Russia evacuates more than 4000 people after dam burst

Russia opened a criminal case for 'negligence and violation of construction safety rules' over the burst dam, which was built in 2014.

Russia on Saturday said it had evacuated 4 000 people in the Orenburg region, in the southern Urals near Kazakhstan, due to flooding after a dam burst.

Emergency services had been working through the night after a dam burst in the city of Orsk, near the border with Kazakhstan.

Dam burst amid torrential rain

The press service of the Orenburg governor said “4 208 people, including 1 019 children” had been evacuated and more than 2 500 homes were affected by the flooding after a dam burst on Friday following torrential rain.

Russia opened a criminal case for “negligence and violation of construction safety rules” over the burst dam, which was built in 2014.

Orenburg regional governor Denis Pasler said specialists assessed that the dam was built “for a different weight” and that the level of rainfall was “exceptional”.

Authorities said the situation was difficult throughout the region, warning of a dangerous water level on the Ural river in the main city of Orenburg.

READ: Brace yourselves for cooler weather, widespread rainfall and possible snow

Forced evacuation from flooded zones after dam burst

The mayor of the city of half a million people, Sergei Salmin, said authorities would forcibly evacuate people from flooded zones if they refused orders to leave.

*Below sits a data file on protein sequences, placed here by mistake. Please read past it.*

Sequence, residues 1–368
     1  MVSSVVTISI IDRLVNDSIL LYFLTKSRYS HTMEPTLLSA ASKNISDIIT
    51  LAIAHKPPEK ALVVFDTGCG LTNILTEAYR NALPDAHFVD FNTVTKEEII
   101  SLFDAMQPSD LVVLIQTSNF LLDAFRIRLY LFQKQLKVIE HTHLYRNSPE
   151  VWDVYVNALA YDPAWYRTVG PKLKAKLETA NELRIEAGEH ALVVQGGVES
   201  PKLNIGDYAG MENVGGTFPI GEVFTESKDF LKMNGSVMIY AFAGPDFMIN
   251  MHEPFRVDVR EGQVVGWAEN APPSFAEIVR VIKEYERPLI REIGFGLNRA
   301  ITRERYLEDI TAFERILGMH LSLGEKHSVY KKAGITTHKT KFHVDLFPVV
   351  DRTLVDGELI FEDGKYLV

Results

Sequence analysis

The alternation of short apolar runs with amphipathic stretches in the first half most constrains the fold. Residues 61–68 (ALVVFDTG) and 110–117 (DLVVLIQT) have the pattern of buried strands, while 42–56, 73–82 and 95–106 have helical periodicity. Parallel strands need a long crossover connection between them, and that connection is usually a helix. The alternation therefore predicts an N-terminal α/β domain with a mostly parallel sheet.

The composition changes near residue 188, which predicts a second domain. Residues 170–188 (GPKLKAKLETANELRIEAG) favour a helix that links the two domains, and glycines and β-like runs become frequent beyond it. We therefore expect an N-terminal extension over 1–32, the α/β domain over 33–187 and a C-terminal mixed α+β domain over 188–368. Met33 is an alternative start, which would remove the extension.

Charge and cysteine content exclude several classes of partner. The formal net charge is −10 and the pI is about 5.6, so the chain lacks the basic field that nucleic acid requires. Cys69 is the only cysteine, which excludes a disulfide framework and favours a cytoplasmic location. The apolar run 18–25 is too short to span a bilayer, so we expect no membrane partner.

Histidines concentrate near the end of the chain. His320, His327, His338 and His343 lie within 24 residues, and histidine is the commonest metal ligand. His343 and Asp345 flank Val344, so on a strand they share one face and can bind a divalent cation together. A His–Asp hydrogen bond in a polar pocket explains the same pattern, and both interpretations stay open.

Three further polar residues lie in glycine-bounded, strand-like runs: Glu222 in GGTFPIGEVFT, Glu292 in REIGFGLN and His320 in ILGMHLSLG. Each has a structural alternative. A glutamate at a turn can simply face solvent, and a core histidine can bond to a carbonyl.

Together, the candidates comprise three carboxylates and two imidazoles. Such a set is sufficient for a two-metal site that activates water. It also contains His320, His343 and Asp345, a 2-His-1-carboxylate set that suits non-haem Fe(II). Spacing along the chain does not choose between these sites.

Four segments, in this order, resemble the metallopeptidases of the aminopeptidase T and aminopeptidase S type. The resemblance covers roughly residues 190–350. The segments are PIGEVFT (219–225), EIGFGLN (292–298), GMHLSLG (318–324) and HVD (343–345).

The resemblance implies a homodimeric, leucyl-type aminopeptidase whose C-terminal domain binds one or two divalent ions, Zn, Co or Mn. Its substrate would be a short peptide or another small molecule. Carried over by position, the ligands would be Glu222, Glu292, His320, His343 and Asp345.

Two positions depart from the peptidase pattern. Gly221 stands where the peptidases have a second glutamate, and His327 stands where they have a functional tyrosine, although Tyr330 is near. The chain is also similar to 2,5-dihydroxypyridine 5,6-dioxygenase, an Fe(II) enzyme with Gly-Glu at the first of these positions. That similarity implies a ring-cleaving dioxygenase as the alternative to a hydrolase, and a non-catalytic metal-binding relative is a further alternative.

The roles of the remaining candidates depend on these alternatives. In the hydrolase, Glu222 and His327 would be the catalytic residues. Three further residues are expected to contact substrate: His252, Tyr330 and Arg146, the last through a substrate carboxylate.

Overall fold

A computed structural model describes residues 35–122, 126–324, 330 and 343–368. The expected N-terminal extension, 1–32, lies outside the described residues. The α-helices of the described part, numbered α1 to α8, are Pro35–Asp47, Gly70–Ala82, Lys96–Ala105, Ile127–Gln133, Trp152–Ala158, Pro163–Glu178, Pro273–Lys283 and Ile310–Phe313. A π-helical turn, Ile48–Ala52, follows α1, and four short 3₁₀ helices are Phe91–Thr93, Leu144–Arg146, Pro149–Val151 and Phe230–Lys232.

He said the water level of the Ural river had risen to 855 centimetres and “will rise” further.

READ: KZN Floods: Torrential rain storm causes widespread damages & destruction

He named several districts of the city and nearby villages likely to be affected.

“The situation leaves you no choice. At night, the river can reach a critical level,” he said. “I call on everyone in the flooded zone to leave their houses immediately.

“There is no time for convincing,” he added, saying that “those who refuse to leave the danger zone voluntarily, we will forcibly evacuate with the help of police officers”.

READ: Why are floods in KZN so devastating?

‘One of the worst natural disasters’

Kazakh President Kassym-Jomart Tokayev said the floods were one of the worst natural disasters in Kazakhstan in 80 years.

He called for authorities in the Central Asian country to be ready to help those affected.

Russian emergency services published images of rescue workers going through villages on boats and hovercrafts.

Several regions in the Urals and western Siberia have been affected by floods since the start of spring.

By Agence France-Presse

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